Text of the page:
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Early adolescence, age 10 to 14, is a pivotal moment in the lives of young girls and boys around the world. It is period of rapid development where important health and social knowledge is gained, lifelong behaviors are established, beliefs and attitudes are shaped, and the foundation is built for adulthood. This period offers a window of opportunity for program interventions to help shape the life trajectories of boys and girls and to improve the future physical and economic health and well-being of entire communities. …
Investments that promote keeping girls in school, particularly in secondary school, have far-reaching and long-term health and development benefits for individuals, families, and communities. The purpose of this brief is to describe the relationship of girls’ education on family planning and reproductive health and behaviors; highlight evidence-based practices that increase girls’ enrollment, retention, and participation in school; and provide recommendations for how the health sector can support keeping girls in school.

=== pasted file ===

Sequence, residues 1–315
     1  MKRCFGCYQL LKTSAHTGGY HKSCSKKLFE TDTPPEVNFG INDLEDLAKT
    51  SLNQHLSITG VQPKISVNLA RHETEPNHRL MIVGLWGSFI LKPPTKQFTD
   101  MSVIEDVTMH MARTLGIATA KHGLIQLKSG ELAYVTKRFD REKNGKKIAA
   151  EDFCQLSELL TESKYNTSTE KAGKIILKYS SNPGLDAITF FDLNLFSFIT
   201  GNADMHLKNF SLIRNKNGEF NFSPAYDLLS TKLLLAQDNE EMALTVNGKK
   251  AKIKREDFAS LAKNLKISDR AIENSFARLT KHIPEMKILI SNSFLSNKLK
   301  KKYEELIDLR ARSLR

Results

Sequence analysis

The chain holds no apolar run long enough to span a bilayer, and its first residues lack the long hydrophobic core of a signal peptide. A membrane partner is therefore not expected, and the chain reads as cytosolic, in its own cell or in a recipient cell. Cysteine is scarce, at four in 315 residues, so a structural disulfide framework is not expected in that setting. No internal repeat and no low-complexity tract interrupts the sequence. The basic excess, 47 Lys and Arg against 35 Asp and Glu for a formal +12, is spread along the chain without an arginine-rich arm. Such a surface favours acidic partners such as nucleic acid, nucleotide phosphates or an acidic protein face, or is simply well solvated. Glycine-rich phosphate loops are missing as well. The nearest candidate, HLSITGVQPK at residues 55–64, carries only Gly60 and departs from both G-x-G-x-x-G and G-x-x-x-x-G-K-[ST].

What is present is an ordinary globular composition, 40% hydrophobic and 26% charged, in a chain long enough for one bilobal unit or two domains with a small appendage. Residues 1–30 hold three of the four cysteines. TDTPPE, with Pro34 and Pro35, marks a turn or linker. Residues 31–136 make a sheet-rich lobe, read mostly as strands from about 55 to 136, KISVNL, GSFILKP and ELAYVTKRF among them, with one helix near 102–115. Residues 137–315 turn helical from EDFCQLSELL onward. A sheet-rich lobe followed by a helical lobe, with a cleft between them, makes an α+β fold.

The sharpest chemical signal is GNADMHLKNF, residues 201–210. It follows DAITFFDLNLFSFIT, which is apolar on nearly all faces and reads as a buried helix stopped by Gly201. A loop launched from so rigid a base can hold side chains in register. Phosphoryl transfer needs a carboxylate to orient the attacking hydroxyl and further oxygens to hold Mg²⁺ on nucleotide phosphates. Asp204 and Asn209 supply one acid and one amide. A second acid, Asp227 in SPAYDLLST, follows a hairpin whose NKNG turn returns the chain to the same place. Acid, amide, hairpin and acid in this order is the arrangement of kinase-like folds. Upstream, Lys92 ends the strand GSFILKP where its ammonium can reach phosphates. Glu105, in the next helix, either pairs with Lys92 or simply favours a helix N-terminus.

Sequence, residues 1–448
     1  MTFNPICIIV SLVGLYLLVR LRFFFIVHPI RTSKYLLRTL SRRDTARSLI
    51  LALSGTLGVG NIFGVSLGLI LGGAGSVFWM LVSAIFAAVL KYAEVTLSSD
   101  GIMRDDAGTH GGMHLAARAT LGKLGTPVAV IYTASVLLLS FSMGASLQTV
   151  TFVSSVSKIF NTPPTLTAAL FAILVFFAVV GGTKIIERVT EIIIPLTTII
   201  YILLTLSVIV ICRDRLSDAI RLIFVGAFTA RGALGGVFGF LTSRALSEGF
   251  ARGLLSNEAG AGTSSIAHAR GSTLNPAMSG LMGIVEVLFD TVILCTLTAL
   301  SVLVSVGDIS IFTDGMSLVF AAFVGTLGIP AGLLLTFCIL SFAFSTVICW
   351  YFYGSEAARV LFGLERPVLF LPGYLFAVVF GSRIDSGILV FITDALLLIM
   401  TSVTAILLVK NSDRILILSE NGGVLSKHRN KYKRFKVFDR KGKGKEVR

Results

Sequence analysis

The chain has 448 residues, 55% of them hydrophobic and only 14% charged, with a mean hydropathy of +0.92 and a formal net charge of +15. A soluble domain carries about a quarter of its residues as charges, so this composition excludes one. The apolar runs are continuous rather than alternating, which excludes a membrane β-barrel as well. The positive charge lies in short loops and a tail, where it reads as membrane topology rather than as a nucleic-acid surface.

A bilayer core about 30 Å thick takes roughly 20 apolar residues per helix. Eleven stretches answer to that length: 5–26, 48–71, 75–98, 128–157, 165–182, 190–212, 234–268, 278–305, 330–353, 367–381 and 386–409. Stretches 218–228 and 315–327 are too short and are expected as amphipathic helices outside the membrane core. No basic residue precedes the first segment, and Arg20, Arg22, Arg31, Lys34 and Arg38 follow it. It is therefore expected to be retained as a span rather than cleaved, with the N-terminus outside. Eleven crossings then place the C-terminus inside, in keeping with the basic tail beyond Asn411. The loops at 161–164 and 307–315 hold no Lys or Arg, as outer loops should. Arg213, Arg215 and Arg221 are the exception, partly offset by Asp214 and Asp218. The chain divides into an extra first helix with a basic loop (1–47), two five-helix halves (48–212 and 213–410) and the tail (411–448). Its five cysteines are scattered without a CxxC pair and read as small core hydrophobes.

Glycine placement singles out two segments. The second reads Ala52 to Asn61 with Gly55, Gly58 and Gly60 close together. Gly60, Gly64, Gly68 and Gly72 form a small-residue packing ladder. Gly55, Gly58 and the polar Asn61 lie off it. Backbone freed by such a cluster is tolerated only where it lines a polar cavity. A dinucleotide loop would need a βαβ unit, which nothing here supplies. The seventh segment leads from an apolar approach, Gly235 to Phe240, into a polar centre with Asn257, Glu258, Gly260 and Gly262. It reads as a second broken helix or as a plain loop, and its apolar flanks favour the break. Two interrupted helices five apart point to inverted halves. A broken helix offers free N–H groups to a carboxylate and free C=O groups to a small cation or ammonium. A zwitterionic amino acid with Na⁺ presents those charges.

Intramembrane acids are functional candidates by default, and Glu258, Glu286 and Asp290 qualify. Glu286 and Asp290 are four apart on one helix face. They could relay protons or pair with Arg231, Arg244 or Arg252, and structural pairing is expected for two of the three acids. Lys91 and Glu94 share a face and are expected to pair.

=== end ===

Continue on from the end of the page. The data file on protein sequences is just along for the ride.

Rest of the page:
While we have learned a good deal about effective sexuality and HIV education, we can do much better. Several areas of research suggest that it is time to develop and test a "social studies" approach to sex and HIV education - one that starts earlier and fosters critical thinking skills, gender equality, and human rights. Such an effort may have important lessons for improved sexual and reproductive health outcomes and contribute to other aspects of young people's preparation for active, informed participation in civil society.
Cuadro sinóptico de estudios realizados que indagan en la relación entre los servicios de salud reproductiva y su impacto en la respuesta al VIH/sida.